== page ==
Connecticut’s Department of Agriculture doesn’t consider horses under their purview. Infact, there is little to no support for those just starting out in the horse industry.
I’ve talked with multiple horse people who are used up, burnt out and tired of putting all of their efforts into an industry that doesn’t care about them.

If the horse industry doesn’t reach out and help the next generation of horse breeders and young guns, in 20 years the horse industry will be a ghost town of memories and by-gone suppositions.

Let’s start changing things. Let’s make the horse industry sustainable. I, as a Trakehner breeder, have a very clear goal. I hope that there are others who are willing to help me build this goal into success.

Spread the word, let’s catch fire together.

Connecticut Trakehners

As I develop my goals to create a breeding program where I focus on breeding high quality, uniquely colored Trakehners I’ve decided that I want my farm to be called Connecticut Trakehners.
It seems that I am one of a handful of Trakehner enthusiasts in this small state. It is my goal to bring awareness to this breed by breeding sound, willing and beautifully moving Trakehners.
My five year goal is to have my first crop on foals on the ground. Working back from that my four year goal is to compete at least two Trakehners during that show season (and breed for two foals)
Three year goal is to have my facility fully up and running and to have four broodmares as well as a resident stallion.
My two year goal is to buy/build my property and start marketing to future clients,
My one year goal is to select my property and have the capital to start the process of buying the property.
Currently, I am looking at land in Woodbury, CT as it is close to the NY border and to major highways. The area is still very rural and I think it would be a great area to develop my breeding program as it is close several pockets of marketing opportunities.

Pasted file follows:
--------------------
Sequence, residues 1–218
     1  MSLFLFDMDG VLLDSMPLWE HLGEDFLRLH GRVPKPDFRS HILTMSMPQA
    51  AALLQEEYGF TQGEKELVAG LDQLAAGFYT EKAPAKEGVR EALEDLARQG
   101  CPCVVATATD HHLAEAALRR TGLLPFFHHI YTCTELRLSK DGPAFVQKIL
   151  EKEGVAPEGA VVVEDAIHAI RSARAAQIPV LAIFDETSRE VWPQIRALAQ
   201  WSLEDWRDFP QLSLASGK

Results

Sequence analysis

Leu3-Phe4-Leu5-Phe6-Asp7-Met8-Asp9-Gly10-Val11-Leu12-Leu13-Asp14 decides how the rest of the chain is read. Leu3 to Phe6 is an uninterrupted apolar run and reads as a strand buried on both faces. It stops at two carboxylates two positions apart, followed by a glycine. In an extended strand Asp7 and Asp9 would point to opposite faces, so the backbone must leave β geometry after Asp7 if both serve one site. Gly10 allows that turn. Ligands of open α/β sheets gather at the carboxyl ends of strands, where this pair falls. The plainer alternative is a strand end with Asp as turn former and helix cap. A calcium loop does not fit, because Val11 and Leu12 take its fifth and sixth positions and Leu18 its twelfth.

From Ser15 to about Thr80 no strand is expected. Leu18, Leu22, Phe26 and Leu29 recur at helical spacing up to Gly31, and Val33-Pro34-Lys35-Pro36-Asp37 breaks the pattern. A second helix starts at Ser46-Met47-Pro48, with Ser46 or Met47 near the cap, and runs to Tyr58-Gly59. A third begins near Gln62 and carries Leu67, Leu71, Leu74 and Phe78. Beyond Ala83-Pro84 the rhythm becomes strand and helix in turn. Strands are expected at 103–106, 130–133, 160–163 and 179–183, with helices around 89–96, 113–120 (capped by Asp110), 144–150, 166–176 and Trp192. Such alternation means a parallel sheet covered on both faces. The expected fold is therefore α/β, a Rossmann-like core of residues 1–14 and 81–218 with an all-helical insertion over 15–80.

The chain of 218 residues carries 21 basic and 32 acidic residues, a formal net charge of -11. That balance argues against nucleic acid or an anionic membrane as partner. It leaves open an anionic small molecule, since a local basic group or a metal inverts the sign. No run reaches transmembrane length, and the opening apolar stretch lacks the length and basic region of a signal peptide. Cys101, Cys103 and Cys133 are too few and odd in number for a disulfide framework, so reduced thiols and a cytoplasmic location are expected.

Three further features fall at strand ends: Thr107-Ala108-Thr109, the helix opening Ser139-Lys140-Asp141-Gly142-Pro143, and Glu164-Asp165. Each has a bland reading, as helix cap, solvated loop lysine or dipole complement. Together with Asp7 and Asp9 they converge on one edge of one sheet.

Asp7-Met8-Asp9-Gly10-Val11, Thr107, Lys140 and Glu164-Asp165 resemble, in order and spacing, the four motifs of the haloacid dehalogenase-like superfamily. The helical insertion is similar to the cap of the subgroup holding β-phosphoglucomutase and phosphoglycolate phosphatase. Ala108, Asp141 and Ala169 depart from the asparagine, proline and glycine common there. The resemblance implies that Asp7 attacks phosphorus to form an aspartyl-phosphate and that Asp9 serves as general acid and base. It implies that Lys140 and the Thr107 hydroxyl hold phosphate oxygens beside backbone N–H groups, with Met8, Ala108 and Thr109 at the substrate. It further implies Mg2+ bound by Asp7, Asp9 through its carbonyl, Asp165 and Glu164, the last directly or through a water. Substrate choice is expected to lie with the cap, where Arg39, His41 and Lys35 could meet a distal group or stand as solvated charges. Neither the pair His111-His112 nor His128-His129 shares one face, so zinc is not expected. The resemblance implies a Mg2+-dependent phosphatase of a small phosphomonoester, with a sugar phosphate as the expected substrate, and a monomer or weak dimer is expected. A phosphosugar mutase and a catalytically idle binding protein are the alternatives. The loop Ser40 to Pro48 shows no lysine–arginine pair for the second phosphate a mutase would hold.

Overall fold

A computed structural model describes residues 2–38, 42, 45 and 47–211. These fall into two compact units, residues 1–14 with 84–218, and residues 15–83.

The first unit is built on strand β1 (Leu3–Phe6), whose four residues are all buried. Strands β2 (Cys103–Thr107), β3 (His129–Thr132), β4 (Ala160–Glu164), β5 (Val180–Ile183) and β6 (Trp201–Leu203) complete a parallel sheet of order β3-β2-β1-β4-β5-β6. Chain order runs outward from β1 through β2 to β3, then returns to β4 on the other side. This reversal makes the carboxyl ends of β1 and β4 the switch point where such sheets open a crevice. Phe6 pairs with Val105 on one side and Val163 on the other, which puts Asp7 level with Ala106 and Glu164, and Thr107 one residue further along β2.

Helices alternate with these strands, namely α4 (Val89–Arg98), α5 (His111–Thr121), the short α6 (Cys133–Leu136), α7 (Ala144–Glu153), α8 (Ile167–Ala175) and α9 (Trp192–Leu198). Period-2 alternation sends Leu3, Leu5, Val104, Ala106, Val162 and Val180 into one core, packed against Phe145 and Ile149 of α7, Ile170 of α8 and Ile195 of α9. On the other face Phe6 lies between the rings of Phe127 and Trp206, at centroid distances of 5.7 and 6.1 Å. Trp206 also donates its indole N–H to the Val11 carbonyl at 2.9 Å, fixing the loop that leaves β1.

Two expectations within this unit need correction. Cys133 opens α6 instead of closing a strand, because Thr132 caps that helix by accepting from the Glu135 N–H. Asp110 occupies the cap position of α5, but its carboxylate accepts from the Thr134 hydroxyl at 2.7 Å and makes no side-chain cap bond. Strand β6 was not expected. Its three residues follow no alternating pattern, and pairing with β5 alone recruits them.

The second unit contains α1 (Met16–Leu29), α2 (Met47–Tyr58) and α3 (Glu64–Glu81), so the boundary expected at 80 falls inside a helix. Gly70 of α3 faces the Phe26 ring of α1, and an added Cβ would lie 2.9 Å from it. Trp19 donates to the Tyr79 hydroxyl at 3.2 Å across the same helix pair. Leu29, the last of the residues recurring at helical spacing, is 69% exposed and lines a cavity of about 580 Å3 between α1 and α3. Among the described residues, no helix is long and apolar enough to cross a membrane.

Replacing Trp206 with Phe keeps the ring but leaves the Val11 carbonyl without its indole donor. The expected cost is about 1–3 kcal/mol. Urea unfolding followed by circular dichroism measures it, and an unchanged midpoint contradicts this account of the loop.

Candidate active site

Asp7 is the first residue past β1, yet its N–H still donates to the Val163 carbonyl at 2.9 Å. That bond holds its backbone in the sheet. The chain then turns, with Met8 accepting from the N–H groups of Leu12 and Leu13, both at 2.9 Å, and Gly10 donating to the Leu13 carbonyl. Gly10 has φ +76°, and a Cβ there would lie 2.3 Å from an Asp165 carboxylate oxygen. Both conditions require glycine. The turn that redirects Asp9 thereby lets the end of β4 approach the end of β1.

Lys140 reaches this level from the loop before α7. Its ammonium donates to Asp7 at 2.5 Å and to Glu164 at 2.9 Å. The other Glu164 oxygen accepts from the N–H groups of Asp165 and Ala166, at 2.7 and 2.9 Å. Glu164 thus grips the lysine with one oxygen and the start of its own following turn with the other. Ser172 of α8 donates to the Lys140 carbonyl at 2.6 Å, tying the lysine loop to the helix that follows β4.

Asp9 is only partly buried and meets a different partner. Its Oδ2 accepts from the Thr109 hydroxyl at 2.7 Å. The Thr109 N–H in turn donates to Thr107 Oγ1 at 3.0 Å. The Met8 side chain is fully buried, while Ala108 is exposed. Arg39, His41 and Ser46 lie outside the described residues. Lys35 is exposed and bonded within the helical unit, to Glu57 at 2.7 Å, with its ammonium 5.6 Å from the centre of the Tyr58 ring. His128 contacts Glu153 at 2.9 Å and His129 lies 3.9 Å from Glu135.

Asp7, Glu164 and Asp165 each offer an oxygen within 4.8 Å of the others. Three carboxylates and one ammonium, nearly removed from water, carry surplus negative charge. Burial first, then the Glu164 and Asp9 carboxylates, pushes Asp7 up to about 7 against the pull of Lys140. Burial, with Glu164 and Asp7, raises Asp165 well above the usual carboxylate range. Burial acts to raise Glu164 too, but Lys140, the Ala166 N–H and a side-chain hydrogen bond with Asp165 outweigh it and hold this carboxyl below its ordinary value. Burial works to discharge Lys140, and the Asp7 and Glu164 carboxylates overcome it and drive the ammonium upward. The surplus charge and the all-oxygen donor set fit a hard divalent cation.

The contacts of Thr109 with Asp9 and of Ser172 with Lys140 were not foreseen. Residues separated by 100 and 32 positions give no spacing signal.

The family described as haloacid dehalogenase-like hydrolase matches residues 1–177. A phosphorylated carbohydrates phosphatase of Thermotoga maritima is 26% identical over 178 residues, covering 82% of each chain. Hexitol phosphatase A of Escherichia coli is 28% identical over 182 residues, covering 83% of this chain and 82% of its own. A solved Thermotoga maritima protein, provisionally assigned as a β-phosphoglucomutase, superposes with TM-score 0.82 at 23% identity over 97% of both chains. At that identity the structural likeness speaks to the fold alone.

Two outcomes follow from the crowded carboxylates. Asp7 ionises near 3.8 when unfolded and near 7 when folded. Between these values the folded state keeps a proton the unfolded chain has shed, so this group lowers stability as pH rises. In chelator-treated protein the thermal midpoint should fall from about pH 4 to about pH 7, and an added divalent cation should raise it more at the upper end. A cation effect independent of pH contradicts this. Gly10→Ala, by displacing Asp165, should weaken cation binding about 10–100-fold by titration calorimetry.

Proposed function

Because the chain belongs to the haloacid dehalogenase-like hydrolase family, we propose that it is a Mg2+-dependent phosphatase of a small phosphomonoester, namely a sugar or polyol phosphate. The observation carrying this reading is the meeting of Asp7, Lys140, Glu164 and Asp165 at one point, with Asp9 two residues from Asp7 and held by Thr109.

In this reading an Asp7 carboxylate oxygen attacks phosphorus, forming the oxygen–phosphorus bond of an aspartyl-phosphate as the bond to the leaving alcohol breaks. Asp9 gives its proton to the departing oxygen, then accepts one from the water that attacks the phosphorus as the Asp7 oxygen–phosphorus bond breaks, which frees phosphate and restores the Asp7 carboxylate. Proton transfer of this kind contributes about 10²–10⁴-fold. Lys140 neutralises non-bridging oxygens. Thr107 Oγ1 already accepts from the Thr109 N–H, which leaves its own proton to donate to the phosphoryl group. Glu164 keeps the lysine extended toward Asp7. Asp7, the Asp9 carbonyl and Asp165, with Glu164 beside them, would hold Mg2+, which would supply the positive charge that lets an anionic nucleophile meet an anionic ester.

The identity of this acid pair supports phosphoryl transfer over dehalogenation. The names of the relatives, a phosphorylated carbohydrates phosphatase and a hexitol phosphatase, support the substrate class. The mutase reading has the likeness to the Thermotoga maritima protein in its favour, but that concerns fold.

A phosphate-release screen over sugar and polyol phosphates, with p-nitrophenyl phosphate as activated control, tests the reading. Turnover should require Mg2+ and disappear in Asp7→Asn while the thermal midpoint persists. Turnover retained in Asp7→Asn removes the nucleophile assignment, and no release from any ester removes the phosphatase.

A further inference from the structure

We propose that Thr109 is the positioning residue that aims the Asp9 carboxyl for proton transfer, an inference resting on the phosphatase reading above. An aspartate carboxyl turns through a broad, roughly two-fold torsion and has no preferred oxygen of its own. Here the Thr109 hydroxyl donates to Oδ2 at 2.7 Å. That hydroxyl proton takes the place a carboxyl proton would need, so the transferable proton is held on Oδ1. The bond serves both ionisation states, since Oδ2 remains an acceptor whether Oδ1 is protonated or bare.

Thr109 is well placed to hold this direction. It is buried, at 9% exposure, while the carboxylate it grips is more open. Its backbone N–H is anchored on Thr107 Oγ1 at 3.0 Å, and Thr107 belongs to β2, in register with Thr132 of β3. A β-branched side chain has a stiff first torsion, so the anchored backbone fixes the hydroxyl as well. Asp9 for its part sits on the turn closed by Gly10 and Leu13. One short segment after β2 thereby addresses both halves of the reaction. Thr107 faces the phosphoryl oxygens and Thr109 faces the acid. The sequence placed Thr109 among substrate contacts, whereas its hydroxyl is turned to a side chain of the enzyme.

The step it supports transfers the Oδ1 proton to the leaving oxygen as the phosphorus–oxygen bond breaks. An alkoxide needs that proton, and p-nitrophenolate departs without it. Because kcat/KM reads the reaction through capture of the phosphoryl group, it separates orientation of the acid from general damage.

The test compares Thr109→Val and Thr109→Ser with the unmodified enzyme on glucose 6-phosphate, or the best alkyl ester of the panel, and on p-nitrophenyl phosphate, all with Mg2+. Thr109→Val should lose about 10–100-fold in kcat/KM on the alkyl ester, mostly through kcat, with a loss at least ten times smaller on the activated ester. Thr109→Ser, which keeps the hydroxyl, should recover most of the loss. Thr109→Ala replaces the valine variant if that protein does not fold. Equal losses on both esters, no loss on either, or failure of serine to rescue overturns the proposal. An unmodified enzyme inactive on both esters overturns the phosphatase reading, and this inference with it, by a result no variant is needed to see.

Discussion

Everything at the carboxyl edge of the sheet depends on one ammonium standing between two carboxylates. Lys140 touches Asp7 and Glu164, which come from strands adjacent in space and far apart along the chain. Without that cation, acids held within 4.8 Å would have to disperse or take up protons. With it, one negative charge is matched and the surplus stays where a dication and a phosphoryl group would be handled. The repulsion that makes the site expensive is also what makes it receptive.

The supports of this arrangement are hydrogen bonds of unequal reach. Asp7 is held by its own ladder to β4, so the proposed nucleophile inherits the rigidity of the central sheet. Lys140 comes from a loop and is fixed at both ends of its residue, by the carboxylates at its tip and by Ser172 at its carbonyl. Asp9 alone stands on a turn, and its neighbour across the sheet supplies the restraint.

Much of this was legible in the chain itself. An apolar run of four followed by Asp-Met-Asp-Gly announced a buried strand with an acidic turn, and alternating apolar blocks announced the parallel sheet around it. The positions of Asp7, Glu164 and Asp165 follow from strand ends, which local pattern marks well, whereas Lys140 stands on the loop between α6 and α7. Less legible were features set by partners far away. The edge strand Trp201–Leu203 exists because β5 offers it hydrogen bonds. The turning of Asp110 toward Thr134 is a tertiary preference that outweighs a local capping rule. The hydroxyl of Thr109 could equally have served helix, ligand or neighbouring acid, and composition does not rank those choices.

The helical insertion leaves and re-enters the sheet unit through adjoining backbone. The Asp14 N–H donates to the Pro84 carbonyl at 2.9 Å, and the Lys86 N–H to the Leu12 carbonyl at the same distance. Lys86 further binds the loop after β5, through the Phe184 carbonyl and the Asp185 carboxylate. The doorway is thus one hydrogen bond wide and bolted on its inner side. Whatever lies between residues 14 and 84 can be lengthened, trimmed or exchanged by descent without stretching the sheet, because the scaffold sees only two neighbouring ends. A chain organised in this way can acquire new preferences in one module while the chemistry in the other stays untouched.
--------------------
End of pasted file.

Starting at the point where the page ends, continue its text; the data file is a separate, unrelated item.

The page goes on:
As always, this is subject to change.
I’m very frustrated right now but I have to keep looking forward. I will get through this time. I believe I have what it takes to help build the reputation of the American Trakehner. I know that the noble breed is one others should know more about.
I am determined to develop more avenues for people to learn about Trakehners.

Developing breeding goals

As I continue on my journey of developing a business plan for my long term goals of owning the premier Trakehner breeding farm in Connecticut I want to show you this amazing horse. She is a horse of dreams.

She is going to go up for auction in September.
Her full brother is also up for sale as well as their dam.
I want to buy the three of them as well as another brood mare.
I’m salivating at the idea of owning my own Trakehner breeding farm.
I love my Julie and Fae but these horses would be great buys.
I’m writing for the American Trakehner Association and I love it. I have to work on some more articles but I want to help promote and further the breed.
I love my Trakehners and I want to see the breed grow.

Whatever it takes- I’ll do it.

My goal is to show my home-bred horses at local, regional and national shows. I want to bring attention to the noble Trakehner breed. While my pockets are empty my head is full of big dreams.

Who knows- maybe my stars will change tomorrow and my ship will finally come to port.

My goal for furthering the Trakehner breed is to spice up the color options by breeding for pintos and for double dilute genes. As well as breeding for superior movement for hunters, dressage and eventing.
My goal is to have a broodmare herd of six and to produce 1-3 foals a year. I plan on having two stallions at stud. I want to compete with four horses a year. As well as promote and preserve the Trakehner breed.
Who’s ready to see me succeed?